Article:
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About this blog: I am a native of Alameda County, grew up in Pleasanton and currently live in the house I grew up in that is more than 100 years old. I spent 39 years in the daily newspaper business and wrote a column for more than 25 years in add...  (More)

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Back to school time--grab your checkbook

Uploaded: Aug 27, 2013
College students on the semester plan already headed off to their campuses while k-12 students are returning to school this week except in Livermore where schools opened last week.
Not surprisingly, the president and his spin doctors decided it was time again to campaign for lower higher education costs. Last week, President Obama visited a few campuses on a bus tour and talked about making college more affordable with a new rating plan.
A couple of important notes:
? College costs have soared at a rate that makes the increases in health care costs look affordable since the federal government established its grant and loan programs. Perhaps, there's a connection? The item listed on my daughter's financial aid package from a private university was a federally subsidized loan.
? The Congress with the approval of the Obama Administration took over the subsidized loan program from the private sector as part of Obamacare. Just what higher education has to do with health care is a fine question that was ignored in the takeover.
The president, as is his wont, has been a master of mixed messages. Of late, he seemed to encourage students to default on their loans and was taking steps to make that easier. His idea was to go to work for the government and get the vast majority of your loan forgiven or to limit repayment to 10 percent of discretionary income (how would a mortgage lender or a banker lending on a car view that standard?). The basic concept that when you signed your name, you committed to repayment seems to be fading rapidly in the White House.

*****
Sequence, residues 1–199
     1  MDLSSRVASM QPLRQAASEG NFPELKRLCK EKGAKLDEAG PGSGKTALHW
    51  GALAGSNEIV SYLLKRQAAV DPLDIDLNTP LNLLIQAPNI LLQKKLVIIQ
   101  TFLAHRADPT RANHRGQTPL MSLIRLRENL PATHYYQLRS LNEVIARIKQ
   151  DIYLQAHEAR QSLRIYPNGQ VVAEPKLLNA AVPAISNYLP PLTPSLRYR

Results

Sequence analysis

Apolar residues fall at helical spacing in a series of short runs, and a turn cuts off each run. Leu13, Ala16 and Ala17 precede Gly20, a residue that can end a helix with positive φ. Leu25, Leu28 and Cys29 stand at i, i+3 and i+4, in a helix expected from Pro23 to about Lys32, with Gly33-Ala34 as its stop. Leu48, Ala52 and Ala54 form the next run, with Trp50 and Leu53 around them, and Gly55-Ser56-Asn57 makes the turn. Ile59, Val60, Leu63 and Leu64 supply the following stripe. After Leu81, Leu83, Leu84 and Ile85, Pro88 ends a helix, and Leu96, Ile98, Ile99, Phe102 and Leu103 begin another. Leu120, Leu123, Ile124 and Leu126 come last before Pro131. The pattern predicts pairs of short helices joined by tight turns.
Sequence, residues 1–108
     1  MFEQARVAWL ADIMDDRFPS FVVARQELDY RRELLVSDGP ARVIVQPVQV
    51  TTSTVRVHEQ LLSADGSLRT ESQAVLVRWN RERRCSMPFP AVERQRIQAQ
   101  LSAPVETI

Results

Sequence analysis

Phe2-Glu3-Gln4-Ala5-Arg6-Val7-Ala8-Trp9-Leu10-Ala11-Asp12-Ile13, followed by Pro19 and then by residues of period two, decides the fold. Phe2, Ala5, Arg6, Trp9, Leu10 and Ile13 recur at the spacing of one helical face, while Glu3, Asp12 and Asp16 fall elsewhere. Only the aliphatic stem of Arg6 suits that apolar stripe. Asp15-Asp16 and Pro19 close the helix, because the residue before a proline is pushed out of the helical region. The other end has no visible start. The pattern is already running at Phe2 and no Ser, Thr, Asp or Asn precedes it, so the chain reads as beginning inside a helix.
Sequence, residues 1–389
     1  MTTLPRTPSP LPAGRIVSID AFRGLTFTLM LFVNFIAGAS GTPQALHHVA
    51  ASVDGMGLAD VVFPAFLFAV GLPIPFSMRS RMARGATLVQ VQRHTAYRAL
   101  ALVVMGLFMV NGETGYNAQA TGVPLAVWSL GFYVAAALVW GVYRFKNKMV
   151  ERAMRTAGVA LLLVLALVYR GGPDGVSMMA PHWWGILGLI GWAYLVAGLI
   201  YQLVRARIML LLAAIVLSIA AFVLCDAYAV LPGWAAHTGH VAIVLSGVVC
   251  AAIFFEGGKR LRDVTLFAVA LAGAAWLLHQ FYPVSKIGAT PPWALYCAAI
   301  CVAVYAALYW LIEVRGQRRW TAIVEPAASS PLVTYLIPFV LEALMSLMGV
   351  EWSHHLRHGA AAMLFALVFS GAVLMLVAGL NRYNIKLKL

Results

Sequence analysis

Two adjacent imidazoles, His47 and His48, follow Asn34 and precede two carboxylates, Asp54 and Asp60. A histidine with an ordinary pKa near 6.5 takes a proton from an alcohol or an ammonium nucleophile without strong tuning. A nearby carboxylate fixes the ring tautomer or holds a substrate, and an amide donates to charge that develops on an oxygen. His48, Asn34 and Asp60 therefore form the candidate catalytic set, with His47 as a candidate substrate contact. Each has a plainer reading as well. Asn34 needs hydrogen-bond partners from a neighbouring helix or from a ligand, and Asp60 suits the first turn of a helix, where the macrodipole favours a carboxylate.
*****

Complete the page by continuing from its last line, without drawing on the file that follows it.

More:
And anything the president can do to distract attention from the Benghazi scandal that is approaching its one-year anniversary with precious little public disclosure or accountability for government employees involved as well as the discriminatory actions by the IRS to say nothing of the NSA's rampant and ever evolving invasions of privacy.
The president's latest notion—rating colleges as a curb on tuition costs—has some merit. It does involve competition—what it lacks is removing the federal subsidies so colleges have to present a value proposition to potential students. The trends during the economic turndown showed more students and parents were carefully evaluating the costs and making decisions with economics in mind instead of blind faith that a high-paying job would be available to pay back the loan.
What is it worth to you?


Posted by anon, a resident of Another Pleasanton neighborhood,
on Aug 27, 2013 at 3:26 pm

anon is a registered user.

Forget the cost of about the cost to send your kids to "free" public primary and secondary schools? The "begging" from every organization (PTA) is one thing, but I am tired of every teacher asking for a classroom "donation" of $25 or more.

Posted by Kathleen Ruegsegger, a resident of Vintage Hills Elementary School,
on Aug 27, 2013 at 5:21 pm

Kathleen Ruegsegger is a registered user.

The recent passage of the law eliminating fees for a variety of consumables was ill conceived. Now everything has to be called a donation and no one has to donate. Where a teacher/school could charge a fee for x and make a little extra to cover those who could not afford the requested item, now no one has to pay for what might truly enhance their child's learning experience. So a teacher/class does without or a teacher is left to beg. While I understand the premise of the law, the solution is one that hurts everyone, albeit equally.

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